That’s why I gravitate towards the impossibly cheap, existentially cynical Dark Star as my pick for the best outer space movie ever. The first film from John Carpenter (Halloween, Big Trouble in Little China) is about a quartet of astronauts living in cramped quarters, far from home, out of toilet paper and blowing up planets for no particularly well-explained reason. Space still has its wonders, but familiarity breeds contempt, and most of the crew can’t stand each other and only goes about their business because there’s nothing better to do.

It sounds pretty miserable, but if you’ve never seen it, try to imagine Dark Star as Office Space in outer space. There’s a dry but knowing wit to all of the action (and inaction), culminating in a philosophical duel to the death with a nuclear bomb that has become self-aware and can’t understand why it shouldn’t blow up, taking the whole crew with it. What is the point of existence if not fulfilling your function? The crew can’t come up with an answer that doesn’t involve BS doublespeak. There’s no point to anything except maybe – just maybe – to be what we are. We traveled to the stars only to find out that it was a pretty pointless endeavor. And also that there’s an alien beach ball out there somewhere which wants to kill us all.


Brian Formo’s Pick: The Tree of Life (2011)

The Tree of Life

Cinematically, outer space is often rendered claustrophobic. Humans are launched to places far, far from home and if something goes wrong they’ll tumble into a black abyss. My girlfriend might’ve made my right hand go numb because she was squeezing it so hard during Gravity, but as thrilling as sections of it were, the ending outcome was never in doubt. In Alien, space might be the place where no one can hear you scream, but what if no one even knew you were gone? Human beings touted as special on earth are anonymous in space. Perhaps that’s the grandest human terror.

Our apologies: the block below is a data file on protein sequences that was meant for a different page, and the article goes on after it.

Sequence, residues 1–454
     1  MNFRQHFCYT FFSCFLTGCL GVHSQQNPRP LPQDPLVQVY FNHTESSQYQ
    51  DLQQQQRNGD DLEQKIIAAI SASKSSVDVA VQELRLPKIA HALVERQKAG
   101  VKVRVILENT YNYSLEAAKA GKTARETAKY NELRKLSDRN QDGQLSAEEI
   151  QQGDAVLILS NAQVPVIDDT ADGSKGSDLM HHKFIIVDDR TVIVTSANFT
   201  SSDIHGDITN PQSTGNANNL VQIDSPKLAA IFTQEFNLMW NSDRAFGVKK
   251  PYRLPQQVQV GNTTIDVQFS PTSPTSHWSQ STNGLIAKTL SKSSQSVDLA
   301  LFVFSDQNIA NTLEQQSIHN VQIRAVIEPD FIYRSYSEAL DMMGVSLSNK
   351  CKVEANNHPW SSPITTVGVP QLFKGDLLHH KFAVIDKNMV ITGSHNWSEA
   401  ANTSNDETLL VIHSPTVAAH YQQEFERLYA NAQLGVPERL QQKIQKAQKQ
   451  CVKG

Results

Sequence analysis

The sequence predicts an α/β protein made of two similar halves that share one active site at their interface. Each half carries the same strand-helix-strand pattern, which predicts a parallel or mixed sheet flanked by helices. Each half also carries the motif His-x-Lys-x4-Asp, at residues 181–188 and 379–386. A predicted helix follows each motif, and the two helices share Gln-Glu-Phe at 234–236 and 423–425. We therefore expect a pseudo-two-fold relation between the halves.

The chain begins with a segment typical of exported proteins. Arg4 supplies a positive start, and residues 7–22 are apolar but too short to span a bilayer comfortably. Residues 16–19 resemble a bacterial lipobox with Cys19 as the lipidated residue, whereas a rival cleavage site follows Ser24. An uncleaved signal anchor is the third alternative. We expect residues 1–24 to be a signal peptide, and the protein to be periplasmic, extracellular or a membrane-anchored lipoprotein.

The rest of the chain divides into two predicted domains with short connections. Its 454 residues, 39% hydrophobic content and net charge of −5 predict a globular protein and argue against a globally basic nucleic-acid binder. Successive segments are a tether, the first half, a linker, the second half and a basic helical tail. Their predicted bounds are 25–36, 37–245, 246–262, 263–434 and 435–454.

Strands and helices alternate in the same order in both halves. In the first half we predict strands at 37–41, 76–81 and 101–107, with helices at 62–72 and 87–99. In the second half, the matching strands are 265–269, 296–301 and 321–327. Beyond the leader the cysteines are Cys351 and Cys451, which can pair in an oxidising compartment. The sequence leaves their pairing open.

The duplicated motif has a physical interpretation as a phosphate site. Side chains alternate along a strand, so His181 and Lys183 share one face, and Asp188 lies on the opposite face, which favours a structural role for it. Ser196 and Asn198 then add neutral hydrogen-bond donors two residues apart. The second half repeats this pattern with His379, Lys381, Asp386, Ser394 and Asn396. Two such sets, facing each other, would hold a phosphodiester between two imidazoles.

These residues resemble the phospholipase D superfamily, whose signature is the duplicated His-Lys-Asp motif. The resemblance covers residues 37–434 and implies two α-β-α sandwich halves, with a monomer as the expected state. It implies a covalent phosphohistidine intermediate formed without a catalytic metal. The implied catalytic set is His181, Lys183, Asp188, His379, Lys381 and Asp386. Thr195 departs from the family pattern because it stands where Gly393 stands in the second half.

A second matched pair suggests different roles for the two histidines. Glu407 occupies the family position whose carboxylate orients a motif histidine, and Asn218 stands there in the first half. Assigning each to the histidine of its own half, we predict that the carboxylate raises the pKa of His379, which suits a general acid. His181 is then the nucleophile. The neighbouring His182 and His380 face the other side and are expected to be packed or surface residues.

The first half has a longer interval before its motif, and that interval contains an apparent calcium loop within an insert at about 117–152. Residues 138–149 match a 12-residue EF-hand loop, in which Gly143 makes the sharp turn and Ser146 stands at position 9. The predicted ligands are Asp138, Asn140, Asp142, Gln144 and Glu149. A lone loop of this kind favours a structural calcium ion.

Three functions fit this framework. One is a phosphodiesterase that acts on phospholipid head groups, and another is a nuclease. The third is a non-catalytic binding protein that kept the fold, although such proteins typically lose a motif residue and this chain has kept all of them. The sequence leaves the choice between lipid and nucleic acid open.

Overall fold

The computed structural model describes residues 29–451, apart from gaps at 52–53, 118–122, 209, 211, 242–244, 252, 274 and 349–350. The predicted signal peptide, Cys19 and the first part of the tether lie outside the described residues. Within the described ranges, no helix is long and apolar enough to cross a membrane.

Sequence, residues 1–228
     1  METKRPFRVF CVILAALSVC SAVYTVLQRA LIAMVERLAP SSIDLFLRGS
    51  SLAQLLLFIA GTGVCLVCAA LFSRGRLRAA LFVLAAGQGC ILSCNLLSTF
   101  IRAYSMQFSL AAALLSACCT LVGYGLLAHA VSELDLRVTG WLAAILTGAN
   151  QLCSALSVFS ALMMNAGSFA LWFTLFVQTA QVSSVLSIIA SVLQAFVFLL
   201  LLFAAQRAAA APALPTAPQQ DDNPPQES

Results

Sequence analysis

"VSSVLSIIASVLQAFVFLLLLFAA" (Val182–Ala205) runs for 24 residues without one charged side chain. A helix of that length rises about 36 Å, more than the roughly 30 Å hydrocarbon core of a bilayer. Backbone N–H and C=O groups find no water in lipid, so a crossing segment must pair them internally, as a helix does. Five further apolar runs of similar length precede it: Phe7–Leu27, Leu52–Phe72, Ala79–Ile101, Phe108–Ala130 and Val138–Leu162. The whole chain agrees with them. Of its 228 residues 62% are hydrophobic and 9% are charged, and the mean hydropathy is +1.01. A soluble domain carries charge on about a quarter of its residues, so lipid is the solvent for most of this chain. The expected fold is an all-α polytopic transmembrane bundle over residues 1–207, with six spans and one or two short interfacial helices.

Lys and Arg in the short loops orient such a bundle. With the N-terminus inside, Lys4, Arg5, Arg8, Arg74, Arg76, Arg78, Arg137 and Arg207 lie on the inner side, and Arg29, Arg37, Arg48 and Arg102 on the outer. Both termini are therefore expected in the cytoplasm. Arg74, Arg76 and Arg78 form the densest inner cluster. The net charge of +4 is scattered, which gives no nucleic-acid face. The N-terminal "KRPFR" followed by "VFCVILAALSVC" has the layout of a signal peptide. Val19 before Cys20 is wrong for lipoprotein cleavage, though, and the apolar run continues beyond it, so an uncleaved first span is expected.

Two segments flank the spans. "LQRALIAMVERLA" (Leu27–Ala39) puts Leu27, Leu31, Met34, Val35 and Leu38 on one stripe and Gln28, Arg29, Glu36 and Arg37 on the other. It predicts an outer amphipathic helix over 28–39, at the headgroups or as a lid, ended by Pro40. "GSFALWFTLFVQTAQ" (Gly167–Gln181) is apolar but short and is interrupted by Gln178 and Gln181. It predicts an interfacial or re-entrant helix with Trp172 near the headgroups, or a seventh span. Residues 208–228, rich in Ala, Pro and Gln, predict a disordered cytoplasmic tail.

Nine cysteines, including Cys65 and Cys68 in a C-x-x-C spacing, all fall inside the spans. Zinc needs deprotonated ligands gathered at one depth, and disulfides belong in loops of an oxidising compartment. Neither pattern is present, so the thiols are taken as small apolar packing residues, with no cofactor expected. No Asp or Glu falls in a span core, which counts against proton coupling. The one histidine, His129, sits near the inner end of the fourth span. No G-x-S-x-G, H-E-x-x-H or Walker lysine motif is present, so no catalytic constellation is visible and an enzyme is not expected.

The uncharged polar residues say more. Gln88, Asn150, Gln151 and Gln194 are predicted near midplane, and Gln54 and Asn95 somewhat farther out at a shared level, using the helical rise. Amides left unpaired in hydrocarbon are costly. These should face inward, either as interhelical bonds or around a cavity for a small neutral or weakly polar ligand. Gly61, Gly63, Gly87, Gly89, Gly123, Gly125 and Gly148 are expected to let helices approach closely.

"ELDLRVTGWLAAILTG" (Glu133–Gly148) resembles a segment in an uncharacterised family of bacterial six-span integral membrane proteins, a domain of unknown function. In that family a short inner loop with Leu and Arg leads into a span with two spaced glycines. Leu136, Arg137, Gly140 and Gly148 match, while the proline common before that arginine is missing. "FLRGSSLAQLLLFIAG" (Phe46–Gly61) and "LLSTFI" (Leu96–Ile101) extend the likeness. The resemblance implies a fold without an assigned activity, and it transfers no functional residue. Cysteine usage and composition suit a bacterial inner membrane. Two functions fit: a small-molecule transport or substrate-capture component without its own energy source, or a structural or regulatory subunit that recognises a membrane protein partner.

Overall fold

I know I’ll get infinite shit for choosing The Tree of Life as the best outer space movie, but I don’t care. No other movie has actually affected me in so many different ways, including how it looks at the vastness of space. I can understand why people didn’t like the formation of the universe and the procession of the species section of Terrence Malick’s epic poem, because what does it have to do with a family in east Texas? All I can say is that, in my own personhood — being my own collection of stardust standing on terra firma — it makes sense. I’ve often thought about how small the plights of myself or my family are. Especially when you think of everything else that’s come before. Sometimes that smallness, that trivial pursuit of life, filled me with endless anxiety. Sometimes it filled me with a sense freedom. As someone who’d look up at the stars and feel a mixture of both wonder and dread about how I fit into all of thisThe Tree of Life perfectly captured both emotions.
Malick has reportedly been working on an IMAX film — called Voyage of Time — that’d extend the formation of the earth and oceans sections of Tree of Life into a feature length visual experience. And I’d look forward to seeing that. But the dual narrative of The Tree of Life — the story of three brothers (Hunter McCracken, Tye Sheridan, Laramie Eppler) growing up in Texas, alternately looking up to their father (Brad Pitt) and realizing that they’re letting him down (and that life itself has let him down), set between the sun beginning to shine on our distant rock — will always be special to me.


Ranker – Lists About Everything